1/5/2017 1:55:28 PM
Indie Music vs Indie Artist
This is an article submitted to us by a writer named Jason Gordon.
The definition of indie music is pretty straightforward, or at least it used to be; it described artists who weren't on major record labels. This could've meant they were signed to an independent label or they released music themselves. However, lately, the concept of "indie" appears to have taken a turn to focus more on aesthetics and style than label signings. Even if you're signed to a major label, there's still a good chance you'll be called "indie."
If a band releases everything on their own or without the support of a major label, that still isn't a guarantee that they will be called "indie." They might be independent, but they aren't necessarily "indie." For instance, an unsigned metal band or rapper will be referred to as metal and hip-hop. Their unsigned status might come up, but it's not going to create any expectations about their sound.
With artists who are considered "indie," they are making music with a distinct sound. Typically, this is rock music in the same vein as bands like Pavement, Guided by Voices and Sebadoh, artists who helped popularize a sound in the 90s that has carried over to today. Yes, these bands happened to not be signed to major labels, but their sound was more important to defining them than their business decisions. In hip-hop, the face of indie music is Chance The Rapper, who despite not being signed to a major label, received seven Grammy nominations this year. Chance has released three mixtapes, with Coloring Book, his most recent work, is the only streaming-only album to receive a Grammy nomination.
However, the line between indie and mainstream has become increasingly blurred. Indie rock has breached the mainstream, with bands such as Vampire Weekend and Arcade Fire topping the Billboard charts. Bands such as Imagine Dragons, whose two albums have come out on Interscope, a major record label, have qualities of bands like Arcade Fire. Two decades ago, it might have seemed like indie music was always meant for the bars and clubs; now it's being played in arenas and headlining festivals.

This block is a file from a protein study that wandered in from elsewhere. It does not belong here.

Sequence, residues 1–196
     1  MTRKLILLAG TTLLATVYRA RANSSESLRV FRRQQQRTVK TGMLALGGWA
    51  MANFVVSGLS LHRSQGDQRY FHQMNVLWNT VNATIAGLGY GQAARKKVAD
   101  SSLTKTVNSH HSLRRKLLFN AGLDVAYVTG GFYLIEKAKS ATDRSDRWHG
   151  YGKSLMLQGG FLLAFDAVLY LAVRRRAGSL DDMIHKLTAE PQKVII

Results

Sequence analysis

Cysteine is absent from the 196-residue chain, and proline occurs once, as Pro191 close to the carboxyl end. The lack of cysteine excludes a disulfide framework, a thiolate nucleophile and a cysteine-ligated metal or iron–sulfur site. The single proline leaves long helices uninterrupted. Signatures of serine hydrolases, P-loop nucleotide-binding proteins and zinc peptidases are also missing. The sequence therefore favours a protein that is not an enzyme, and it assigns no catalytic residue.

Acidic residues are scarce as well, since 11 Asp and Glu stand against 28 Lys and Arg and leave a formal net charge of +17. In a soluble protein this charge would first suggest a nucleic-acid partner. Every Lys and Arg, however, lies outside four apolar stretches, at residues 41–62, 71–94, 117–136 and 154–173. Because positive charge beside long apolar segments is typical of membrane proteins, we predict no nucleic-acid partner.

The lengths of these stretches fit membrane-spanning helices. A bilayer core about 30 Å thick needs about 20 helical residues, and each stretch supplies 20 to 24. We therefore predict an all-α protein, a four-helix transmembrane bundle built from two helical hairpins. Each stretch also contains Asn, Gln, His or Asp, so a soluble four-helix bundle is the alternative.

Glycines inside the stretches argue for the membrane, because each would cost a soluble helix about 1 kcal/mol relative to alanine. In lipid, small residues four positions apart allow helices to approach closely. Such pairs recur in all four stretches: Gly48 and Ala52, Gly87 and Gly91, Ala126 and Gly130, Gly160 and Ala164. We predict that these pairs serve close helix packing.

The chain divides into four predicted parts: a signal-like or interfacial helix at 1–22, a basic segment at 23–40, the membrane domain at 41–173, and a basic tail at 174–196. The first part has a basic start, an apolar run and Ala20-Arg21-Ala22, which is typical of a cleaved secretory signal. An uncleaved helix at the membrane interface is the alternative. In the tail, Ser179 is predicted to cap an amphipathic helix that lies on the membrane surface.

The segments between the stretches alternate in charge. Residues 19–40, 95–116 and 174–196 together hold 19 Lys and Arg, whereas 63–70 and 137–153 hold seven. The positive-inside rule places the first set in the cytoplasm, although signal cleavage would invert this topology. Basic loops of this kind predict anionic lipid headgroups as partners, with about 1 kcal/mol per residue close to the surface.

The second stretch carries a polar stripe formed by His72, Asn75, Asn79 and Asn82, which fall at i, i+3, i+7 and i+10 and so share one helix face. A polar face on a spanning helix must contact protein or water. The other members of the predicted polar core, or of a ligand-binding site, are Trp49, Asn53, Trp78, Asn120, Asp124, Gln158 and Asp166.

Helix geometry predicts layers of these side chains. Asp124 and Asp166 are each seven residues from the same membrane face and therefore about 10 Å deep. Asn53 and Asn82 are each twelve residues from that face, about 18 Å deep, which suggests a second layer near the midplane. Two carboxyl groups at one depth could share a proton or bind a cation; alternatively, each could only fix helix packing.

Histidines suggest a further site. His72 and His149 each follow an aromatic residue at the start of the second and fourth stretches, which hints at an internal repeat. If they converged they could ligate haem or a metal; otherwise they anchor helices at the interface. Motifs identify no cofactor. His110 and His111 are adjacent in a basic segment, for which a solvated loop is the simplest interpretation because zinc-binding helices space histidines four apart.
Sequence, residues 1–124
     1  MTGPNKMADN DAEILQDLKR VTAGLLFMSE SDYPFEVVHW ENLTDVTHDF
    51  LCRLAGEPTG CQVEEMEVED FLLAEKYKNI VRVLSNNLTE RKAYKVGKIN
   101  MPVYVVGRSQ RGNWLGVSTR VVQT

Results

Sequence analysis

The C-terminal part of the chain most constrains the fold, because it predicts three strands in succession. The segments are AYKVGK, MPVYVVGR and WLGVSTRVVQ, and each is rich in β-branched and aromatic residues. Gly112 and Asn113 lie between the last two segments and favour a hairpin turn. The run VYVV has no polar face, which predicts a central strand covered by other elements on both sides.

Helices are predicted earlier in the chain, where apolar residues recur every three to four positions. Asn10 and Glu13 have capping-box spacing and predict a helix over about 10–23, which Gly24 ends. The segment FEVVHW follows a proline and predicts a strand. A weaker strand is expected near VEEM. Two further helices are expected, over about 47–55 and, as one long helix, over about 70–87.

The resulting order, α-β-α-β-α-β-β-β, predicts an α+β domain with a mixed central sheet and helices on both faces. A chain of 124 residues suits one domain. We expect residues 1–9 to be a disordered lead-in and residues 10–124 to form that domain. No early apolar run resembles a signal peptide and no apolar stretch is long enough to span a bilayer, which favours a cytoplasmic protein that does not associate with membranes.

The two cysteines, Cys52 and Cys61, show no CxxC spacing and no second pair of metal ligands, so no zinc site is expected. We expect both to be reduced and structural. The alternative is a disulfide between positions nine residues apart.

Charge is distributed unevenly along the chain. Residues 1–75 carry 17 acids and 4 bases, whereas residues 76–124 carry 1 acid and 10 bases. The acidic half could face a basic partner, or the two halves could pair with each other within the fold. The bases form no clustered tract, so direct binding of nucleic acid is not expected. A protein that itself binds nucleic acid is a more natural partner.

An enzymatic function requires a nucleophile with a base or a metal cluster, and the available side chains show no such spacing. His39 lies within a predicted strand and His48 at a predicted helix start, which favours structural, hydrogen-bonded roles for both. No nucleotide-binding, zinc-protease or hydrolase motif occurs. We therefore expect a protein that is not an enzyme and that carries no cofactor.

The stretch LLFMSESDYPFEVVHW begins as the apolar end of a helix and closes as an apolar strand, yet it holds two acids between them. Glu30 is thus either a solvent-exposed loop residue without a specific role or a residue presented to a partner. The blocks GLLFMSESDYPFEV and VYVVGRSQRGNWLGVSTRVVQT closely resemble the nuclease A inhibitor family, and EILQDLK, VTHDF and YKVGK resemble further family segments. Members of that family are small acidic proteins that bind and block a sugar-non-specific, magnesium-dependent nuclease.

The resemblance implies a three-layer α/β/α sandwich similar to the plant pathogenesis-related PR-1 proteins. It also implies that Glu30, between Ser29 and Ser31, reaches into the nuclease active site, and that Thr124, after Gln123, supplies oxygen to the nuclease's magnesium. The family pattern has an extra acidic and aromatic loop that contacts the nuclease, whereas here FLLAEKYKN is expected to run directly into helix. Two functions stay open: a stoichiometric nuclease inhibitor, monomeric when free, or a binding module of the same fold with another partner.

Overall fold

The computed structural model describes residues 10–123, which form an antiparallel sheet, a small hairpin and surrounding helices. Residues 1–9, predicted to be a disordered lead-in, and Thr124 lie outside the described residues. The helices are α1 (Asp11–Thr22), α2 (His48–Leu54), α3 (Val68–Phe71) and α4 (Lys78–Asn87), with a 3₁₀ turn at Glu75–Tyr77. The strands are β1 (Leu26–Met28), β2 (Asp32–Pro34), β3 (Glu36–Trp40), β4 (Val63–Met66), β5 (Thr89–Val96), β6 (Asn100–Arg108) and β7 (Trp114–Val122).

At this point, using "indie" as a genre tag doesn't really do many favors, especially not for the listener who wants to know what it sounds. A band might sound like "indie rock," but some indie rock bands can be more aptly described as "math rock" or "post-hardcore" or "slowcore." Sometimes, it's simply just "rock music" and the indie label shouldn't matter.
While conventional wisdom might have once been that artists who started "indie" would work their way up to working with more prominent artists, the opposite seems to be happening. For instance, Carly Rae Jepsen, after her smash hit "Call Me Maybe," collaborated with the likes of Dev Hynes and Rostam Batmanglij, two prominent indie musicians, for her latest album, "Emotion."
You can be independent without being seen as "indie" and you can be seen as "indie" without actually being independent. It is strange semantics, but it's best not to worry about it. No matter whether an artist is releasing music that they completely self-financed and self-released, or if they have the most powerful record label backing them, what matters in the end is the music.